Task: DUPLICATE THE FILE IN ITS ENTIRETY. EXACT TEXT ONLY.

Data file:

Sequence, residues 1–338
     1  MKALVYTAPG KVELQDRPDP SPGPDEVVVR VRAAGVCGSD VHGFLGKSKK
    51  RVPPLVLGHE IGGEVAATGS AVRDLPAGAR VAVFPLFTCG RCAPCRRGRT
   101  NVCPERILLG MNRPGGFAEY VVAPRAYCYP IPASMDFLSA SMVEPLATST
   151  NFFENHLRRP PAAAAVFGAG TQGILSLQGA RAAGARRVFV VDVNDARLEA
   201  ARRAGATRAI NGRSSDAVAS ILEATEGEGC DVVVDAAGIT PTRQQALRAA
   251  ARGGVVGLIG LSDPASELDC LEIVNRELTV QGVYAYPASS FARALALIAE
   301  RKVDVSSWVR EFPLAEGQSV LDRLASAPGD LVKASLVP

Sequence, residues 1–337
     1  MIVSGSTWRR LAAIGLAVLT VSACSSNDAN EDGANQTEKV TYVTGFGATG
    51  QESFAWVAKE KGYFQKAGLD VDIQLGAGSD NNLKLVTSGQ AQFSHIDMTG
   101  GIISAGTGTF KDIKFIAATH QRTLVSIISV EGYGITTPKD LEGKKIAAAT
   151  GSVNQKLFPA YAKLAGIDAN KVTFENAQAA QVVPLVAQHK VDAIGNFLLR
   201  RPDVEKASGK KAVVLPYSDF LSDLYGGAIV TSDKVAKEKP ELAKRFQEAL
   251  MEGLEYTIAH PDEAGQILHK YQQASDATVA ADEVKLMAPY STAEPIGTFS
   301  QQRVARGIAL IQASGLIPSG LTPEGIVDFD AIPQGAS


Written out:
Sequence, residues 1–338
     1  MKALVYTAPG KVELQDRPDP SPGPDEVVVR VRAAGVCGSD VHGFLGKSKK
    51  RVPPLVLGHE IGGEVAATGS AVRDLPAGAR VAVFPLFTCG RCAPCRRGRT
   101  NVCPERILLG MNRPGGFAEY VVAPRAYCYP IPASMDFLSA SMVEPLATST
   151  NFFENHLRRP PAAAAVFGAG TQGILSLQGA RAAGARRVFV VDVNDARLEA
   201  ARRAGATRAI NGRSSDAVAS ILEATEGEGC DVVVDAAGIT PTRQQALRAA
   251  ARGGVVGLIG LSDPASELDC LEIVNRELTV QGVYAYPASS FARALALIAE
   301  RKVDVSSWVR EFPLAEGQSV LDRLASAPGD LVKASLVP

Sequence, residues 1–337
     1  MIVSGSTWRR LAAIGLAVLT VSACSSNDAN EDGANQTEKV TYVTGFGATG
    51  QESFAWVAKE KGYFQKAGLD VDIQLGAGSD NNLKLVTSGQ AQFSHIDMTG
   101  GIISAGTGTF KDIKFIAATH QRTLVSIISV EGYGITTPKD LEGKKIAAAT
   151  GSVNQKLFPA YAKLAGIDAN KVTFENAQAA QVVPLVAQHK VDAIGNFLLR
   201  RPDVEKASGK KAVVLPYSDF LSDLYGGAIV TSDKVAKEKP ELAKRFQEAL
   251  MEGLEYTIAH PDEAGQILHK YQQASDATVA ADEVKLMAPY STAEPIGTFS
   301  QQRVARGIAL IQASGLIPSG LTPEGIVDFD AIPQGAS